As an avid DC fan and someone who is thoroughly supportive of the company’s efforts to establish a tone that is distinct from its biggest competitor, Marvel, Suicide Squad strikes me nonetheless as a curious choice for the third film in the DCEU. Man of Steel (2013), the studio’s first entry into the new cinematic universe, makes complete sense: You want to kick things off with one of the world’s most iconic, beloved, and popular superheroes. With Batman added to the equation, this year’s highly-anticipated Batman v Superman: Dawn of Justice (2016) was certainly poised to be the cash cow that Warner Brothers needed to bring the fight to Marvel’s doorstep. (Of course, we all know what happened there.) But Suicide Squad, which features a cadre of DC’s most maniacal villains and only one or two characters (the Joker and Harley Quinn) with which casual viewers and non-comic book fans are likely familiar, only makes sense—financially, at least—if the movie is incredibly well received and boasts an incredibly moving, enthralling, and affecting narrative that will get people to the theater en masse. So after an opening weekend that broke August box office records and fueled fiery debates between critics and fans, the question is: Will Suicide Squad have the momentum it needs to get people back to the theater and draw new viewers in, or will its popularity, like that of BvS, wane (pun intended) in coming weeks?
On one hand, it seems like David Ayer’s Suicide Squad could indeed be poised for long-term financial success. It doesn’t have any major competition for the next few weeks (although early buzz surrounding Pete’s Dragon makes it seem like Disney could be a contender); and Suicide Squad is the only comic book movie audiences have until Scott Derrickson’s Dr. Strange hits cinemas in November, which, given the market’s heavy saturation with superhero films, is basically an eternity. Maybe we’re so hungry for comic book films that we’ll simply eat whatever is put in front of us. At the same time, however, the film’s overwhelmingly negative critical reception and especially its impending ban in China could spell trouble for Warner Brothers.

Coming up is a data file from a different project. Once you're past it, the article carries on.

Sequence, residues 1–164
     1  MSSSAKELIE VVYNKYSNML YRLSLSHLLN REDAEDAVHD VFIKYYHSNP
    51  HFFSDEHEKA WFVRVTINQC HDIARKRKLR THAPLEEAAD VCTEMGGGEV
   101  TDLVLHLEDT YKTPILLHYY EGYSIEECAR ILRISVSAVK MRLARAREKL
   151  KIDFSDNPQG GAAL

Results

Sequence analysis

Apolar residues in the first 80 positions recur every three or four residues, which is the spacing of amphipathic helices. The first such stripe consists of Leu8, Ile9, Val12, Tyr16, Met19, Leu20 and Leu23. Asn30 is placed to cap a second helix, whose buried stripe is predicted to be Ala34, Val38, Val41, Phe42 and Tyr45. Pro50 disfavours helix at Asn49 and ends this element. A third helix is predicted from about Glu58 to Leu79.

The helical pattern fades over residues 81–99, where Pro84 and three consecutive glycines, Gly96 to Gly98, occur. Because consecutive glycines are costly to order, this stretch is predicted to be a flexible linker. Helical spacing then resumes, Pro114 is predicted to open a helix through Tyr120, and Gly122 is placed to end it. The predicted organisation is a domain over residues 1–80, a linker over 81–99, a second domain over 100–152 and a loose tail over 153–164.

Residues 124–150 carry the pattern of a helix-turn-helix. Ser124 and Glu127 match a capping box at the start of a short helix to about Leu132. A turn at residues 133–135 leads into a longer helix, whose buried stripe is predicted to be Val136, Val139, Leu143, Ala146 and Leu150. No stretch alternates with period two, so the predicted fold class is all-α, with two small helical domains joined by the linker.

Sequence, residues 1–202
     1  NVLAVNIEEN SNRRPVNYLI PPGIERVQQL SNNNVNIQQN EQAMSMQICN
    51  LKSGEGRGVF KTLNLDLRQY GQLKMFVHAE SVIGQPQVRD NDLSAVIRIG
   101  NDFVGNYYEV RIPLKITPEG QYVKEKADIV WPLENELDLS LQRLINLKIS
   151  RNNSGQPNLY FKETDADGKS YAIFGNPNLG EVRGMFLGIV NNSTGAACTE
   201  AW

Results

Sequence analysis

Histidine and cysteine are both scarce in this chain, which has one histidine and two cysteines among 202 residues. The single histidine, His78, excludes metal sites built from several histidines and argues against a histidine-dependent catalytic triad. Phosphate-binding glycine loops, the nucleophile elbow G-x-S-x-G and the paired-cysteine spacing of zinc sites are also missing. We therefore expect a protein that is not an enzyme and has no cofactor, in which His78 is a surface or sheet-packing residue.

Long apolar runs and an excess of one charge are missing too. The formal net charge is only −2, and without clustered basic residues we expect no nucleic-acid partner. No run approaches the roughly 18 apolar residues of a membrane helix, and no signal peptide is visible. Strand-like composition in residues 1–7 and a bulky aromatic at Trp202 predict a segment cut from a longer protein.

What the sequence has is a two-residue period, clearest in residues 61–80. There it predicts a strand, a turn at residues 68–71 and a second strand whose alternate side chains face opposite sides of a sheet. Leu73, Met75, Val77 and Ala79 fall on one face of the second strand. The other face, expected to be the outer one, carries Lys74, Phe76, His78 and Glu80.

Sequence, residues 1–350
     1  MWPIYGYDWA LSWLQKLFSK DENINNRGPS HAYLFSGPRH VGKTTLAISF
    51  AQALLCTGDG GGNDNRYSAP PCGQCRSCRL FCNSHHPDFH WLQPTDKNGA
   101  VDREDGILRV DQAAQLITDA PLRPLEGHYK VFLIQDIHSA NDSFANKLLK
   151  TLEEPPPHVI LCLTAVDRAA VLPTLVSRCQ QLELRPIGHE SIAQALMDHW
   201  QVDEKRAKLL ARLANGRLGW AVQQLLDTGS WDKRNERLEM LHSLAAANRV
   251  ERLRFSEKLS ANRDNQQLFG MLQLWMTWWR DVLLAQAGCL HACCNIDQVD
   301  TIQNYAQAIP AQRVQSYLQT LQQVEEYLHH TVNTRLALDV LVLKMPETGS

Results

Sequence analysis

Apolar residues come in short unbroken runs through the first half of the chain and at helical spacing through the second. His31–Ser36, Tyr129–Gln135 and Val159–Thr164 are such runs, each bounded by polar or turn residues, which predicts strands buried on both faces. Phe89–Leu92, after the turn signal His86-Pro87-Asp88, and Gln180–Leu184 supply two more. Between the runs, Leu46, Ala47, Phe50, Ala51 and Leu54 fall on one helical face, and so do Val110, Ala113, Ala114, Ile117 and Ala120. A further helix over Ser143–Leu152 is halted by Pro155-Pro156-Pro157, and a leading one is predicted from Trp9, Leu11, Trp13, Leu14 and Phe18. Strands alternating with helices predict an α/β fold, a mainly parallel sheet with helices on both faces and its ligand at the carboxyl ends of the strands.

Financial success or not, what is most troubling to me (again, as a DC fan) is that many of the criticisms leveled against this film are absolutely and 100% spot-on. Even if you loved Suicide Squad, found it touching, funny, and refreshing (which is certainly your prerogative and right as a moviegoer), it’s important to recognize that it is still a mess of a film; among other things it’s a heap of plot holes and an editor’s worst nightmare. And while I don’t harbor the kind of pure, unadulterated, and all-encompassing hatred for Suicide Squad that so many do (part of this can, once again, be attributed to my predilection for DC), I do absolutely long for a film in the DCEU that I can enjoy on both a personal, emotional level as well as a formal and technical level. I want a film that doesn’t leave me scratching or shaking my head even if I am ultimately able to enjoy it. (Side note: Snyder’s Man of Steel works well for me on all of these levels, but that’s another conversation.) Sure, Suicide Squad boasts some hilarious banter and truly impressive and powerful performances from Margot Robbie (Harley Quinn), Viola Davis (Amanda Waller), and Will Smith (Deadshot), but it ultimately misses the mark for me. Hopefully Patty Jenkins comes to the rescue next year with Wonder Woman.
When the smoke clears and the jokes stop, it is apparent that there’s an odd sort of irony deeply embedded in the core of Suicide Squad. In the film’s climax (spoilers ahead) the group comes face to face with the antagonist, discovering that she is able to invade their minds and project for them a fantasy world in which their deepest longings are granted. Deadshot is reunited with his daughter, and Harley is married to a very domestic-looking Joker. The sum of these fantasies strikes at the heart of the human condition, revealing that our ultimate desire—hero or villain, friend or foe—is to be loved and accepted fully and completely. It’s a wish Enchantress can’t grant, and a dilemma out of which these villains can’t climb. Redemption, Suicide Squad suggests, does not come from within. In this sense it’s not far from the Kingdom of God, where salvation comes from without, from the eternal, from the Word made flesh. Of course, the ultimate irony is that Ayer’s film desperately needs to be loved and accepted by its fans if it is going to have any chance of saving Warner Brothers from financial woes.